The blog for Mets fans
who like to read


Greg Prince and Jason Fry
Faith and Fear in Flushing made its debut on Feb. 16, 2005, the brainchild of two longtime friends and lifelong Met fans.

Greg Prince discovered the Mets when he was 6, during the magical summer of 1969. He is a Long Island-based writer, editor and communications consultant. Contact him here.

Jason Fry is a Brooklyn writer whose first memories include his mom leaping up and down cheering for Rusty Staub. Check out his other writing here.

Got something to say? Leave a comment, or email us at (Sorry, but we have no interest in ads, sponsored content or guest posts.)

Need our RSS feed? It's here.

Visit our Facebook page, or drop by the personal pages for Greg and Jason.

Or follow us on Twitter: Here's Greg, and here's Jason.

The Momentary Terrors of Game One

If the 2010 Mets get off to a bad start on the field or once again demonstrate that they’re incompetent and/or tone-deaf about treating injuries, building ballclubs or relating to fans, we’re going to get typecast. We’ll be fans of the Big Team That Can’t, the grizzled, paranoid saps who trudge around accompanied by our own personal blue-and-orange storm clouds, anvils suspended by frayed strings above our much-abused noggins. And there will be some truth to it.

This thought crept into unhappy view yesterday, at the beginning of what should have been a gleeful couple of hours. At 1 p.m. sharp I made my way from the office to the bedroom (I’m not sure but I may have even skipped), turned on the TV, and told the Cartoon Network its winter of animated hegemony was now over. There was SNY, and Gary, Keith and Ron, and green grass and baseball and Mets.

All good. All wonderful, in fact. But then came that moment.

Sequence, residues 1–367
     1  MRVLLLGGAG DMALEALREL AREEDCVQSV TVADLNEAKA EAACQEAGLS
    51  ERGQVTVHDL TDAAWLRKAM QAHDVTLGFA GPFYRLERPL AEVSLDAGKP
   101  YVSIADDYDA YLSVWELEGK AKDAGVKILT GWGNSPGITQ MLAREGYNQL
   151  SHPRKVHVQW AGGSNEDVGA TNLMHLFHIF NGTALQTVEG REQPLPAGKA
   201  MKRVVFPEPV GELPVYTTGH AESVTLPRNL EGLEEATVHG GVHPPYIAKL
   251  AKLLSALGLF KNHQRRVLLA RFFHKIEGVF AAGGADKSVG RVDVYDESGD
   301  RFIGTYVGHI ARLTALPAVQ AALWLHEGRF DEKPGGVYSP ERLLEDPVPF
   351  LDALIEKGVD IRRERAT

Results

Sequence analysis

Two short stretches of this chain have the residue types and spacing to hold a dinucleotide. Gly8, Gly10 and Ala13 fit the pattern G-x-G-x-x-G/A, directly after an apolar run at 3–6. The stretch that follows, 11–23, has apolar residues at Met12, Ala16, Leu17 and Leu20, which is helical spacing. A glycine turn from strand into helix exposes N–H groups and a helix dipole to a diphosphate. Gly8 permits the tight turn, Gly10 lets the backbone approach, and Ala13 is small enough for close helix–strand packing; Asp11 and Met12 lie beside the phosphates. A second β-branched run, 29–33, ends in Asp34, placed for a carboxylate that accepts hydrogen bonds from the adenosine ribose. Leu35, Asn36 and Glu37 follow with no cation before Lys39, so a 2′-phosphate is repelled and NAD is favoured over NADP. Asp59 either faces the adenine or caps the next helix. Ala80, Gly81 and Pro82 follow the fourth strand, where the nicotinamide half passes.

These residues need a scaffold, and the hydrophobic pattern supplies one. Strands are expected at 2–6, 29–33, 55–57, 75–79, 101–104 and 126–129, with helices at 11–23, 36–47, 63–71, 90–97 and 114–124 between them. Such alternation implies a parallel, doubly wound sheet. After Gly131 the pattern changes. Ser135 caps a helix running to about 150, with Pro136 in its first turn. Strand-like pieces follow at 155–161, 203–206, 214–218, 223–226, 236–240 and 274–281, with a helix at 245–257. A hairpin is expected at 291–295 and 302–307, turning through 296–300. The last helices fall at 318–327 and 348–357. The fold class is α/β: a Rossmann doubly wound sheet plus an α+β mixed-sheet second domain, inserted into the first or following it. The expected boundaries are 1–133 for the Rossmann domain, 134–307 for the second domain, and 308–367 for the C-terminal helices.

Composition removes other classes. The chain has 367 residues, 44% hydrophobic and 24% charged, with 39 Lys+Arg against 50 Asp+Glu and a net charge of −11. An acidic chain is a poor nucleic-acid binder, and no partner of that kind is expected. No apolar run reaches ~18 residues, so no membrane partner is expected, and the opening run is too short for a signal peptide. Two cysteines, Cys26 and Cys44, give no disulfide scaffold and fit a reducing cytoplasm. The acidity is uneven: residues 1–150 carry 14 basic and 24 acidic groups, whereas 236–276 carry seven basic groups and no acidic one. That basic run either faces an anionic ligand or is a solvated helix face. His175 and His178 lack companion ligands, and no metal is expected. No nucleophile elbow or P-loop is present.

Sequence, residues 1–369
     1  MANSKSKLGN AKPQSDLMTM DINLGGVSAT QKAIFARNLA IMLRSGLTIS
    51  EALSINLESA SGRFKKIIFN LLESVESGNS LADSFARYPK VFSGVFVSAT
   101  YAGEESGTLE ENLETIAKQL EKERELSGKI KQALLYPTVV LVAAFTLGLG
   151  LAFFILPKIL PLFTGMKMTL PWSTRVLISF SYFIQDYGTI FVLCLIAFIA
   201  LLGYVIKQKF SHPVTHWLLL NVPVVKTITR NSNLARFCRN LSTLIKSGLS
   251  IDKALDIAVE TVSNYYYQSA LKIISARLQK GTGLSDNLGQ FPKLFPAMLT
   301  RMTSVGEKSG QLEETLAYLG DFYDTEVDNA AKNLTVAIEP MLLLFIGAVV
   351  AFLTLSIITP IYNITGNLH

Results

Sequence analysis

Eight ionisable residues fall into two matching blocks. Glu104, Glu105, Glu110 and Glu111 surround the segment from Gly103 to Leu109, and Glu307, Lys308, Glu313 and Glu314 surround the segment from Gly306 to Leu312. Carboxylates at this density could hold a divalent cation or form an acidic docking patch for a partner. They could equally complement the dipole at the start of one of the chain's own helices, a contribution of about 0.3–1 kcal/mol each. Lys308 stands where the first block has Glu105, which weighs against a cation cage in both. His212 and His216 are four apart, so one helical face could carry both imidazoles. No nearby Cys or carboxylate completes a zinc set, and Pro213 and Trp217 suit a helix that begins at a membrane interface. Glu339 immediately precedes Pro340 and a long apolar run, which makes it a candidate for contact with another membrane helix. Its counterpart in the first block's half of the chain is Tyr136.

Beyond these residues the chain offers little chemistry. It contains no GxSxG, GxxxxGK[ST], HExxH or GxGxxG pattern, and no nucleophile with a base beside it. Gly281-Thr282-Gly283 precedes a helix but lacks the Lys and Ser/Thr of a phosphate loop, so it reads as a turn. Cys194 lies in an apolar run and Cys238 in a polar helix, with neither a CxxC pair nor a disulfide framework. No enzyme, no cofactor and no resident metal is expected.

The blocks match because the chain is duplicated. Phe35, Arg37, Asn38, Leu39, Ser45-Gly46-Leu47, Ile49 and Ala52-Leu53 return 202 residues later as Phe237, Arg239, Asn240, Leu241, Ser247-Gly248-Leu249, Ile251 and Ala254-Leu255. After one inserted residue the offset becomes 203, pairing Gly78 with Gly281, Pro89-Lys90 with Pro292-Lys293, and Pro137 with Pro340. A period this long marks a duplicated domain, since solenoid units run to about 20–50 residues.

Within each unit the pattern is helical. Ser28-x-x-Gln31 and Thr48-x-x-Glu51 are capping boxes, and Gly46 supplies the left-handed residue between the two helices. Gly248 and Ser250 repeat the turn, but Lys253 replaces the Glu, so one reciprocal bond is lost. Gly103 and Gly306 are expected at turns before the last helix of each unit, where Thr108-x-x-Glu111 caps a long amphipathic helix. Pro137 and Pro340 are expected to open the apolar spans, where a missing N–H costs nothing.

Nelson Figueroa is on the mound, backed by scrubs and kids and retreads. There have been a bunch of scratches from the regular lineup. There is nothing to play for.

We were, I realized, pretty much exactly where I last saw the New York Mets getting statistics recorded for playing baseball. Was there any way this immediate reminder of 2009 could that possibly be good luck?

And then the moment passed, and I was able to sink gratefully into the old routine, by now so familiar that it’s practically muscle memory. There were some old Mets and some new Mets and some ex-Mets and some impossibly young Mets. There was a sideline interview with Jose Reyes, who looked cheerful enough giving Kevin Burkhardt vaguely considered answers beneath various objects perched on his head, like the tops of out-of-order Russian dolls. There was big Ike Davis, who got two hits and muffed a somewhat-tricky pop fly, providing us with three opportunities to overreact in various ways to March doings. There was the inevitable terrifying new Braves prospect, one Jason Heyward, to admire and then worry about. There were lousy calls and a minor injury to a not terribly important player and Keith talking about his dog and finally a Mets win, which I had long since stopped paying very much attention to.

During the winter it always seems faintly crazy that this could happen. Are you there, God? It’s me, Jason. If You’d only give me a spring-training game, I’d spend three hours watching it with laser-beam intensity and then be a better person. Thanks. Oh yeah, and amen. But it is always like this: By the 20th minute of the first Grapefruit League game I’ve got half an eye on the game and half an eye on something else, and am thoroughly used to having baseball back.

We talk about baseball fever a lot. But maybe we’ve been misdiagnosing it all these years. Because, honestly, doesn’t baseball fever come in the winter? That’s when I’m irritable (OK, more irritable than usual) and fidgety and can’t shake the feeling that the world is deplorably out of kilter. When baseball does return, within 20 minutes I relax and feel well again. Baseball fever — endure it.

* * *

I’m with Greg in giving the Mets kudos of a minor sort for finally admitting what we’ve all been complaining about for nearly a year: There are outfield seats in Citi Field from which you can’t see one and sometimes two outfielders, and now you’ll at least know it when you go to buy a ticket. If the Mets want me to shut up about this they should also discount those tickets — perhaps they should cost 7.5/9 of a ticket with full views? — but yes, it’s progress. I’ll also join my partner with a tip of the cap to the ever-vigilant Mets Police for walking this beat on behalf of fans.

1 comment to The Momentary Terrors of Game One